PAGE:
'The Dream' of Bernat Metge / Del Somni d'en Bernat Metge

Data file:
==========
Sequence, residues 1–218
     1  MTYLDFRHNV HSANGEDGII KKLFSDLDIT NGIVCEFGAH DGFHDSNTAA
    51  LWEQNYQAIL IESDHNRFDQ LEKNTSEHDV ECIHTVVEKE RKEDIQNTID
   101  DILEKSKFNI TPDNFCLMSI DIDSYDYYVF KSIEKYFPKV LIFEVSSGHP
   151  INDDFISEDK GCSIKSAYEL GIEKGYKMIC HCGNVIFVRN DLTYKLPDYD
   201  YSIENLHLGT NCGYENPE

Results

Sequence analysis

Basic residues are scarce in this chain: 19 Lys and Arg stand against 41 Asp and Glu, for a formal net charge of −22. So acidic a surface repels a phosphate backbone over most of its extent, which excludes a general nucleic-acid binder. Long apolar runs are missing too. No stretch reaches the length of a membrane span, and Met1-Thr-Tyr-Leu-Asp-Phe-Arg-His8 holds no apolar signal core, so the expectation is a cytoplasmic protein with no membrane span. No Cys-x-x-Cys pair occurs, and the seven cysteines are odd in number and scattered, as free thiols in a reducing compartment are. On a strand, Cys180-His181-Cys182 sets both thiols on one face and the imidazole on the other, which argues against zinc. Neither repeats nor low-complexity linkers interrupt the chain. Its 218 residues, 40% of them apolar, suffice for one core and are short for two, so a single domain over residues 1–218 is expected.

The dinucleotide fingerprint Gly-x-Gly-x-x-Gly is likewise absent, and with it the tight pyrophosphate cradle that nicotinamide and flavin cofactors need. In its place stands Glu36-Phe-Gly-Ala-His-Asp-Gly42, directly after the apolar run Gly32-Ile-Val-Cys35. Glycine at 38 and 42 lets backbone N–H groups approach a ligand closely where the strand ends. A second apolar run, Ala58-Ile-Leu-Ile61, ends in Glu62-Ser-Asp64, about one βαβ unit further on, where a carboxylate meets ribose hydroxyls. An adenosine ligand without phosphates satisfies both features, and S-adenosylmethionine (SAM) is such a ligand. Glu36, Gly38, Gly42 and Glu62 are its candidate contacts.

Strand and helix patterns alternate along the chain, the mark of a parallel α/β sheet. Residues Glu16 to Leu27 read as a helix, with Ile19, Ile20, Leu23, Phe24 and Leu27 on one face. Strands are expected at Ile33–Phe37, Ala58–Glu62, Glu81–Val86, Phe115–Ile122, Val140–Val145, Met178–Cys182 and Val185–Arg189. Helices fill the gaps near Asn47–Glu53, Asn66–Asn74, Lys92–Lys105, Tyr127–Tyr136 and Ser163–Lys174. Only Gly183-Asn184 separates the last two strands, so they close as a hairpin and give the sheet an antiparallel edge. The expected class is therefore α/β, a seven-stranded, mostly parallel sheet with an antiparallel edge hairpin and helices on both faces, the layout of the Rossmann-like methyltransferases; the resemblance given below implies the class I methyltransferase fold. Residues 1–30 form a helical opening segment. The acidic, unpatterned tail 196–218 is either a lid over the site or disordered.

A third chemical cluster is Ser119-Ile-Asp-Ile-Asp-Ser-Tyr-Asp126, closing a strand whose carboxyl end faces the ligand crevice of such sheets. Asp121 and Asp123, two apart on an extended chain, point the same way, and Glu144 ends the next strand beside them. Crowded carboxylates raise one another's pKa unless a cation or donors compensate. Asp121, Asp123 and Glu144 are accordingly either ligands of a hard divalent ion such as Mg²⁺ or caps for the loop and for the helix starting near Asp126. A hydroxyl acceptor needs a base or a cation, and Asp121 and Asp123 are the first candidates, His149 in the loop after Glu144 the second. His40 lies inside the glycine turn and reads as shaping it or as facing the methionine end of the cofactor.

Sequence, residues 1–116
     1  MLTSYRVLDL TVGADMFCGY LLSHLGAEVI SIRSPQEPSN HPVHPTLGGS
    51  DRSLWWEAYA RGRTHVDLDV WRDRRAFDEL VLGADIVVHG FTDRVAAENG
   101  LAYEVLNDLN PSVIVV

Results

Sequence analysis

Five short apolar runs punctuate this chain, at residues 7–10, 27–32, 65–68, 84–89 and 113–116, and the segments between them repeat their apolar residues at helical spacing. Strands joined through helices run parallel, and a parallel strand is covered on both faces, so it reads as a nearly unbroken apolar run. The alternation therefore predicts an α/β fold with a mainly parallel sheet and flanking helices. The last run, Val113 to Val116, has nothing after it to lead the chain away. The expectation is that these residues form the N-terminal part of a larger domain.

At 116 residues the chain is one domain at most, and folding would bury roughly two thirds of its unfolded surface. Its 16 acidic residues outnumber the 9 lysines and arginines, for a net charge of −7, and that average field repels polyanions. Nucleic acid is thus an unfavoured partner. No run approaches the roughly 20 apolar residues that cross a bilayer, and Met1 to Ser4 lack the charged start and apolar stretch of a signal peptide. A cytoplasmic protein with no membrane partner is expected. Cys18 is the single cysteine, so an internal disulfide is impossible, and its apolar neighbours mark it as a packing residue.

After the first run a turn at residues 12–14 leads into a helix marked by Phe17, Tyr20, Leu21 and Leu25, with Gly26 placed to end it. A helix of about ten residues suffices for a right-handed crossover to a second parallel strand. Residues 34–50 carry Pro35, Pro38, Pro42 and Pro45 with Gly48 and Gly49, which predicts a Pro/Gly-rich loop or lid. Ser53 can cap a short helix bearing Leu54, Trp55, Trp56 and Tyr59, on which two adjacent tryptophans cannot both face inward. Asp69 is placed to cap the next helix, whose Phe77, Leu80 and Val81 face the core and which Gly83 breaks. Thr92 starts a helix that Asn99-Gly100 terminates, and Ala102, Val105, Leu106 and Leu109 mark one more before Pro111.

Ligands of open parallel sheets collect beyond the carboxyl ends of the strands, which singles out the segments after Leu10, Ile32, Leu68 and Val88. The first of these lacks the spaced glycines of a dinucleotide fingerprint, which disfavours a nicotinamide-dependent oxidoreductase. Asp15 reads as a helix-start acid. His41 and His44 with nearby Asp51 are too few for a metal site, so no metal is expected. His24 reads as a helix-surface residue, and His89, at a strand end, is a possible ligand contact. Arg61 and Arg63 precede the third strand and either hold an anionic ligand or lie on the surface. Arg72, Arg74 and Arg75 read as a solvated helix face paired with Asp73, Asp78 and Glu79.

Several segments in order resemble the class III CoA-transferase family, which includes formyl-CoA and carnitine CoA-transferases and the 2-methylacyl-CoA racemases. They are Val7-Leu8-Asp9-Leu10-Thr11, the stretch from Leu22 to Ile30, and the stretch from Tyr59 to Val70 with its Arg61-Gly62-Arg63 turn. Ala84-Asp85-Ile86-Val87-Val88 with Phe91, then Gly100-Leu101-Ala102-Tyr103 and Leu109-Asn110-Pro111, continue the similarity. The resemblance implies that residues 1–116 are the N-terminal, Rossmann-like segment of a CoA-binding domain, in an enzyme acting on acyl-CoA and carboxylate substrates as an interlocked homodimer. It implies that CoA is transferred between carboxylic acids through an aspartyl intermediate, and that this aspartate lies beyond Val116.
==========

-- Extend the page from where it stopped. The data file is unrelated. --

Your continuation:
Lo Somni (The Dream) is a dream allegory divided into four chapters or books. It was written ca. 1399 and is considered Bernat Metge’s best work. It is extremely innovative within the context of Catalan (and Iberian Peninsular) literature of the 1300’s. It consists of a dialogue between Metge-the-character and several participants (in fact the book is a dialogue between Metge and the Classical and Biblical tradition) on the topics of the immortality of the soul, the essence of religion and the dignity and moral essence of the human being. In addition to using many Classical and medieval literary sources, Lo Somni can be considered one of the first (if not the first) Humanist books to be ever written in the Iberian Peninsula. Metge wrote Lo Somni supposedly while in prison (house arrest?) following a dubious accusation about his involvement in the death of King Joan I. Metge wrote this work as a personal defense to exonerate himself and as an attempt to gain the confidence of the new King Martí l’Humà and his wife Queen María de Luna. Lo Somni ends when Metge-the-character is awaken from his dream. This foundational work also touches upon political themes pertaining to the Crown of Aragon, literary fashion and reception of Italian humanist works at the court, as well as on matters of fashion, cultural customs, taste and style.